Prefixes, Suffixes, and Idioms for Elementary Students

Prefixes are letters or groups of letters that are added to the beginning of a word. They often have a meaning all their own and can be either negative or positive.

One example of a prefix is “dis,” which usually means the opposite of something. For example, “disinterested” means not interested in anything.

Another prefix is “pre,” which generally has a meaning of being in front of something else. “Precious” means valuable because it’s in front of you (e.g., precious moments).

This English lesson video is all about prefixes. If you are learning English or teaching English grammar this fun English language learning prefix video is a great starting point. Whether you are teaching English online or in the classroom, make this funny prefixes video a part of your English lesson plan!

This video also covers prefixes.  It is a bit more serious and not as silly and goofy as the monsters in the previous.  Use this in with the other videos or as a stand alone.  Either way, it makes a great addition to your prefix lesson plan.

What are Suffixes? Suffixes are letters, syllables, or words that are added to the end of a base word. They can change the meaning of words and add new inflections to them. For example, in the word “run,” -ing is a suffix because it indicates that the person is currently running. Learn about suffixes and how they can transform or change the meaning of words!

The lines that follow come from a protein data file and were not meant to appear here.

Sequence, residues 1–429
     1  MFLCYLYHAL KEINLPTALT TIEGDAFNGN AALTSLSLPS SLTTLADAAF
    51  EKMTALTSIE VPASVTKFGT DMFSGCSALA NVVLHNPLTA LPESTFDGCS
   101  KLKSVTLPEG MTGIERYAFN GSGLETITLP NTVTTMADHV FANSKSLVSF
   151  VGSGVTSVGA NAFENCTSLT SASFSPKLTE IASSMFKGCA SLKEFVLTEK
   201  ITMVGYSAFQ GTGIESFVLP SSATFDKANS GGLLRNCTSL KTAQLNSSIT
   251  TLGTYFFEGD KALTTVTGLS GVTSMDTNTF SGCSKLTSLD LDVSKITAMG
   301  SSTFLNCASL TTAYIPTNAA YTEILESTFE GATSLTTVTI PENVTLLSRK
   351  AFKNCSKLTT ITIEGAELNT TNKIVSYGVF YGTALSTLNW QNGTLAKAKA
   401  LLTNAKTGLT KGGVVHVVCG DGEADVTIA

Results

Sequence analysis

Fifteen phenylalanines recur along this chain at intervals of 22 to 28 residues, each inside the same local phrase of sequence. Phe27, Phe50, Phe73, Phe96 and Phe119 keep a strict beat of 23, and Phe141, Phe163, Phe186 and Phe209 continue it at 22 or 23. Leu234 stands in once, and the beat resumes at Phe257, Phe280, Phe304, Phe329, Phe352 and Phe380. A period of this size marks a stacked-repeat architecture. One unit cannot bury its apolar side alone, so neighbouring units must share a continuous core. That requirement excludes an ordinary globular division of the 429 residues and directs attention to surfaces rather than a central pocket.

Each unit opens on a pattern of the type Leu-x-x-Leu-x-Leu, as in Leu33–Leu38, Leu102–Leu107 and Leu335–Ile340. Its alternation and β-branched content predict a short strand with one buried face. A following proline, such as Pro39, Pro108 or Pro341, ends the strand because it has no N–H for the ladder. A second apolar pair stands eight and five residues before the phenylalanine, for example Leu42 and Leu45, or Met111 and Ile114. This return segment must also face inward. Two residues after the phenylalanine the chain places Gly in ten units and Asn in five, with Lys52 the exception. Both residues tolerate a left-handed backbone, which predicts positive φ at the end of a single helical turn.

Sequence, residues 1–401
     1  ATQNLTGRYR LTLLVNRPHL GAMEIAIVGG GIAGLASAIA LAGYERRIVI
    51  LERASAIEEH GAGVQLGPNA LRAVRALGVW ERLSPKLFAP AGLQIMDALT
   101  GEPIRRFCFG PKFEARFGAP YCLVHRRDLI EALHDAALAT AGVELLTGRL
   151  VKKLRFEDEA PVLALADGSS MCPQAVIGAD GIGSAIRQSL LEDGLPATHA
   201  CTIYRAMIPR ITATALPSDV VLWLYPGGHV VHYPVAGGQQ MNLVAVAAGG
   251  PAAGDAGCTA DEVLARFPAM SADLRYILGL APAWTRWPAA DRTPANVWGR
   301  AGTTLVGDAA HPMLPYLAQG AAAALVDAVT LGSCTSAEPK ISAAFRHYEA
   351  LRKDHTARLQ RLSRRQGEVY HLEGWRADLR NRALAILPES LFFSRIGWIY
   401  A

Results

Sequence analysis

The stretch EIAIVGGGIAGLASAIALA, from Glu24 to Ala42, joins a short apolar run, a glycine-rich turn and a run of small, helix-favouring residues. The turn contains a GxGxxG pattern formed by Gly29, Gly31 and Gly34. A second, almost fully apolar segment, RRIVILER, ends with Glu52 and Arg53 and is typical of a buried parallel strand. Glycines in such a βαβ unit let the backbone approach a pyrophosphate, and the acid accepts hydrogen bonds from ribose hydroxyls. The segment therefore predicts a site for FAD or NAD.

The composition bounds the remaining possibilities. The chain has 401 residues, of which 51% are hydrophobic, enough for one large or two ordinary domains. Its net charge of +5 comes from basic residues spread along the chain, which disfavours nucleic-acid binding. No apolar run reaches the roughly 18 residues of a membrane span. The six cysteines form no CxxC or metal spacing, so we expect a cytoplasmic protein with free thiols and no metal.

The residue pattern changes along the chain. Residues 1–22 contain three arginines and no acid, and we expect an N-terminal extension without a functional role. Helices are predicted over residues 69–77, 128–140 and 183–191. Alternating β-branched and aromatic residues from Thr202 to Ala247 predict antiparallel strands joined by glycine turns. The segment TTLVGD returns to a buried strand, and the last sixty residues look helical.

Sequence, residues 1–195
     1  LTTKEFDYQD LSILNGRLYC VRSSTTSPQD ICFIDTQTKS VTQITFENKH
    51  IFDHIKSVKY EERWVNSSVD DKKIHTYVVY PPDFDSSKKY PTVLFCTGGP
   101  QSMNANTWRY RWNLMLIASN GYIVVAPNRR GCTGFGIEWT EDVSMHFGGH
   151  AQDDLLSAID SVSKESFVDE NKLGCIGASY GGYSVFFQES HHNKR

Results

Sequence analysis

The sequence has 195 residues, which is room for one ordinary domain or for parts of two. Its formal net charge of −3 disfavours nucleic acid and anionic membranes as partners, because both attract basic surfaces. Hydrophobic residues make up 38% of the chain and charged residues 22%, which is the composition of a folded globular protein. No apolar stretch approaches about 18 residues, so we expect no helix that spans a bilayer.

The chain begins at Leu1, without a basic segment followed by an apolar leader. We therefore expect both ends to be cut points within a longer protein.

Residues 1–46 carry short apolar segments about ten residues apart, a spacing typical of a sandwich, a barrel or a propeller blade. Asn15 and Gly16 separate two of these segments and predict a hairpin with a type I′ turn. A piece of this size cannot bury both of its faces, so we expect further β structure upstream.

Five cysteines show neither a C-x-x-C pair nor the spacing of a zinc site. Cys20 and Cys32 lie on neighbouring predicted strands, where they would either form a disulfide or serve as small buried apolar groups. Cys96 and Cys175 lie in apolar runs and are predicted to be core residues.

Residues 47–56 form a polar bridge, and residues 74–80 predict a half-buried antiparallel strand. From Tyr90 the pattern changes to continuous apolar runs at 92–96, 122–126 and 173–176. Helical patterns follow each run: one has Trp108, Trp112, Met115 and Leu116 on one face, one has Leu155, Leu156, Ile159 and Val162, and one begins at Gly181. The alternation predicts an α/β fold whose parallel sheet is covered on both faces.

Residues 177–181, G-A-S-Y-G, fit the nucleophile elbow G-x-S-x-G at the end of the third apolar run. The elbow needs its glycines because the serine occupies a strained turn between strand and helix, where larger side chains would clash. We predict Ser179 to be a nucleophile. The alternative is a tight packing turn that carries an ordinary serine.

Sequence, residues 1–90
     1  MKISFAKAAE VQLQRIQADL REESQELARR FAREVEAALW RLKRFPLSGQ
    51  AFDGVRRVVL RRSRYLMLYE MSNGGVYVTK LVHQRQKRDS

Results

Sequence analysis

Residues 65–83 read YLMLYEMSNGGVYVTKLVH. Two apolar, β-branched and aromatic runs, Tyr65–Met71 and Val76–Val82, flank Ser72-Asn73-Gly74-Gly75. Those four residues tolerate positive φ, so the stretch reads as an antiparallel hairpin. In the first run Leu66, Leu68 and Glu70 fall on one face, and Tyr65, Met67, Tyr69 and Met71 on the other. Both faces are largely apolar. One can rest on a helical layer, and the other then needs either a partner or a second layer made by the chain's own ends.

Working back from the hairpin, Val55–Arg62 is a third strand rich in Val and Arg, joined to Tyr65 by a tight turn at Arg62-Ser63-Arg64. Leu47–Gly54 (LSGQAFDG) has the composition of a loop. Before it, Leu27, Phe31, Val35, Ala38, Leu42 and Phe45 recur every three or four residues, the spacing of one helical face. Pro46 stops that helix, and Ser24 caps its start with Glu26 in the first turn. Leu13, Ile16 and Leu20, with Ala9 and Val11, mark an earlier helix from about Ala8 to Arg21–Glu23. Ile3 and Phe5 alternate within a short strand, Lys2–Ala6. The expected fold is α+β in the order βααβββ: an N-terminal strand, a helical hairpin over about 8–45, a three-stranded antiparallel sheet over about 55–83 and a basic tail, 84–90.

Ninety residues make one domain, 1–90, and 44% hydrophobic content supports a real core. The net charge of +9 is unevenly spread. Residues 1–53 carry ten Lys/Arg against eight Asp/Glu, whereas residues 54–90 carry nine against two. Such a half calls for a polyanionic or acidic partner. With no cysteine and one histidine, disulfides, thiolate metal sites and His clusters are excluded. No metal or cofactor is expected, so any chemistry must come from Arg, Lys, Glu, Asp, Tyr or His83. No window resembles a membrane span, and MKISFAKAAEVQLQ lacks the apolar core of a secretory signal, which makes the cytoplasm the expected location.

What is an idiom? These statements can often be a little confusing because they don’t seem to make sense! In Idioms for Kids, your kids and students will learn what idioms are and how fun they can be to use. Idioms are considered a tool in figurative language to make something more interesting. Sometimes they use comparisons between very different things—like fish and visitors—to paint a picture for the hearer. Other times, they don’t seem to make any sense at all. “When pigs fly” means that whatever you’re describing will never happen, because pigs will never be able to fly. And to say “Break a leg!” means to wish someone good luck. Surely, breaking your leg is not good luck! As your kids will find out, idioms can often be rather strange. 

This video also points out that idioms from one country may not make sense to people from another country. The phrases we use in America might not translate well for people who live in Australia or England, even though English is the common language among the three countries. Idioms make sense to the people that live in the country from which the phrase comes.

This is a song about idioms. Not sure what an idiom is? Having trouble teaching what an idiom is? Your problems are solved! Also, teachers, the song is actually really catchy and won’t “drive you up the wall.”  That’s an idiom.